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How to Invest in Fast-Casual Stocks

Image source: Getty Images.

People love eating out. The average American family spent $3,000 on food away from home in 2014 -- only 25% less cash than they dedicated to groceries -- and by March 2016, spending at restaurants and bars outpaced spending on groceries for the first time ever.

It's no surprise then that businesses have rushed to cater to the eating-out demand in a mix of approaches ranging from full-service restaurants to drive-thru-dominated fast-food chains. The fast-casual niche, which combines the best aspects of each of those extremes, has sparked investor enthusiasm due to its recent success at stealing market share in this massive industry. Let's look at the key points to understand before you buy one of these stocks.

What is fast casual?

Fast casual is a segment of the restaurant industry that sits between full-service and fast food. It marries the value and speed elements you might see at a drive-thru burger joint with the high-quality ingredients and labor-heavy preparation methods that you often find in a traditional restaurant.

Fast-casual diners typically pay for their meal at a register and enjoy the food on site. The average check is higher than at a fast-food store, but well below what you'd expect to pay at a full-service restaurant.

What are the top fast-casual restaurant stocks?

Chipotle (NYSE: CMG) is by far the biggest company in this niche. While its expansion pace has been hammered by a recent food-safety scare, the burrito chain's growth suggests there is huge demand for a fast-casual approach. Chipotle now counts over 2,000 locations just six years after going public with less than 500 shops. Before the latest slowdown, Chipotle's profit margin was a market-thumping 19% of sales.

Here's a look at the major players in the public fast-casual segment:

Stock

Market Capitalization

Annual Sales*

Chipotle

$12 billion

$4.3 billion

Panera Bread (NASDAQ: PNRA)

$5 billion

$2.7 billion

Shake Shack (NYSE: SHAK)

$1.4 billion

$207 million

Noodles & Co.

$275 million

$464 million

Potbelly

$342 million

$383 million

*Annual sales figures are for the prior 12 months. Data source: Yahoo Finance.

How to evaluate a fast-casual stock

Comparable-store sales growth, or comps, describes the health of an established location and so it's one of the most important metrics for investors to watch. It's especially helpful in evaluating a fast-casual business because it separates out the revenue gains from store growth to focus simply on whether a concept is drawing more customers to its locations, and thus improving its restaurant-level economics.

Image source: Chipotle.

Burger chain Shake Shack, for example, expects to boost sales by 30% this year, to just over $251 million. However, most of that growth will come from an expanding footprint. Comps are projected to rise by a still-solid 4% to 5% in 2016. Panera Bread is targeting the same level of growth, while Chipotle's comps are trending sharply lower as it works through the negative press from last winter's E. coli, salmonella, and norovirus cases.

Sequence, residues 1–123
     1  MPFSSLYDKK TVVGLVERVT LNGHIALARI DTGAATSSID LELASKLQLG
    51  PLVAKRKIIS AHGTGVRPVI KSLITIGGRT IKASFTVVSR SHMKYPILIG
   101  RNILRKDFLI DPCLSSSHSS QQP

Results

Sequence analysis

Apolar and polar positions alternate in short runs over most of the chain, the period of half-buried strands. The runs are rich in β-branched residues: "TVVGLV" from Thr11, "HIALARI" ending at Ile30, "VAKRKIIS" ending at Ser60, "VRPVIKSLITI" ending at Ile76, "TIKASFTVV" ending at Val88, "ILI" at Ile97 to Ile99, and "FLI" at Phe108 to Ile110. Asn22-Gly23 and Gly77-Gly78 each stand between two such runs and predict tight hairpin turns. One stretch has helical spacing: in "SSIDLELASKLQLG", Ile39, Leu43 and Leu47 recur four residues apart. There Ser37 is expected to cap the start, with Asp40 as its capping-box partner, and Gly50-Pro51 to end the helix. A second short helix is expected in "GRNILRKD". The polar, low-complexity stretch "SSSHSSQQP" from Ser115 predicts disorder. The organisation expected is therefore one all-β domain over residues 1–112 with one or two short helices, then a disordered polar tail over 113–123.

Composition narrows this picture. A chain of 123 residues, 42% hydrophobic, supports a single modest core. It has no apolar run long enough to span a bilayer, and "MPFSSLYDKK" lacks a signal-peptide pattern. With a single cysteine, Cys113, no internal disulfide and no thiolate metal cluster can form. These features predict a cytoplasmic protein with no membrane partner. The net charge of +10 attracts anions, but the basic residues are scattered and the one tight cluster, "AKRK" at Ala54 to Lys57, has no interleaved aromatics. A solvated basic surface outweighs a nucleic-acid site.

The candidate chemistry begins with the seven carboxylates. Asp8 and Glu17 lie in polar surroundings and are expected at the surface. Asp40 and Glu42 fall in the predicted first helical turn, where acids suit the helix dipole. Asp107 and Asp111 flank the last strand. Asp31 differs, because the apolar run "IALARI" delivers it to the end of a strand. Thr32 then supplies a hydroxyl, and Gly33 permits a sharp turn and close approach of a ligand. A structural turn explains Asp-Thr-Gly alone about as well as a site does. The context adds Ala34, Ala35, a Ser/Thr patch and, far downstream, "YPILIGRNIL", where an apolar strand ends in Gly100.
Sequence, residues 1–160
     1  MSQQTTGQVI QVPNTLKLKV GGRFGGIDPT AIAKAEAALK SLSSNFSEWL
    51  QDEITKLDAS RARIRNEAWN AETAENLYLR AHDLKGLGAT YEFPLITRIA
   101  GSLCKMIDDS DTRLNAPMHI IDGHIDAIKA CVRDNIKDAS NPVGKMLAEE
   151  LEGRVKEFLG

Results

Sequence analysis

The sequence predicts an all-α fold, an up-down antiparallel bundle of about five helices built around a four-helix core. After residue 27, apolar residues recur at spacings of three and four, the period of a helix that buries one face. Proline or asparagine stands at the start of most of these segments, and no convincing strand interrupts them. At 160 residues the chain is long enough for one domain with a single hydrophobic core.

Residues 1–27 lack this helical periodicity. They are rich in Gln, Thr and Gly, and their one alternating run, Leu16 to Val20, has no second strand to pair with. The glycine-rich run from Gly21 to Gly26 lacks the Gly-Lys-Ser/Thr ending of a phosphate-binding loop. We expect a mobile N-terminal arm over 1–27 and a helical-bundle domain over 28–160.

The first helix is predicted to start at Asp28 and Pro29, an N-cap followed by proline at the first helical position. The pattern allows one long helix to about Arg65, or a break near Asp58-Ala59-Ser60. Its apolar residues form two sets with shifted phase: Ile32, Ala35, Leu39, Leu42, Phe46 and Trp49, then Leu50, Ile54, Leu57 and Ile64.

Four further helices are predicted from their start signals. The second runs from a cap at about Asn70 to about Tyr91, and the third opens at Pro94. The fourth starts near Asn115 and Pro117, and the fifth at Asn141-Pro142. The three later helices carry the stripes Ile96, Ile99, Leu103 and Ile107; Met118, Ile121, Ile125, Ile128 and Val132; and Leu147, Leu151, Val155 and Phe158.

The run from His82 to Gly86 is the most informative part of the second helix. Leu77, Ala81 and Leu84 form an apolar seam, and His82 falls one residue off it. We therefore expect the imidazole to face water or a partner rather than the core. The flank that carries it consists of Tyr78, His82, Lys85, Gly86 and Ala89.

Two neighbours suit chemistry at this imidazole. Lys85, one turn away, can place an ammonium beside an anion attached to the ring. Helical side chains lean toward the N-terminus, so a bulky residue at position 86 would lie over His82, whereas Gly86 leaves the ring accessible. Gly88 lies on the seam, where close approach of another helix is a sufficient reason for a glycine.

Ideally, a fast-casual stock's comps will be greater than rivals (anything over 5% would qualify right now) and also improving over time. That way, you know the company is gaining market share while its locations are growing more efficient.

Investors should also pay close attention to profitability. Since food and labor costs are higher than in the fast-food niche, fast-casual operators can struggle to exert sufficient pricing power to produce healthy profits. Chipotle remains the market leader on this score, though its operating margin has declined sharply and now just barely passes those of comparable companies.

It's not likely these chains will produce anything approaching McDonald's 30% margin, but you should look for consistent profitability that's ideally climbing toward the double digits. 

CMG Operating Margin (TTM) data by YCharts.

Chipotle's plunge from market-darling status highlights some of the risks of investing in this young, high-growth space. Yet it has also helped push expectations lower for the entire industry, which can create opportunity for long-term investors who are bullish on this operating approach. Shake Shack, in particular, has seen its stock price sink by over 30% in the last year despite improving economics and steady sales-growth expectations

Comps and profitability metrics only tell part of the story for Shake Shack and its fast-casual peers. But the metrics provide a good starting point for investors seeking to gain exposure to this highly competitive, yet fast-growing, restaurant niche.

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Demitrios Kalogeropoulos owns shares of Chipotle Mexican Grill and McDonald's. The Motley Fool owns shares of and recommends Chipotle Mexican Grill and Panera Bread. Try any of our Foolish newsletter services free for 30 days. We Fools may not all hold the same opinions, but we all believe that considering a diverse range of insights makes us better investors. The Motley Fool has a disclosure policy.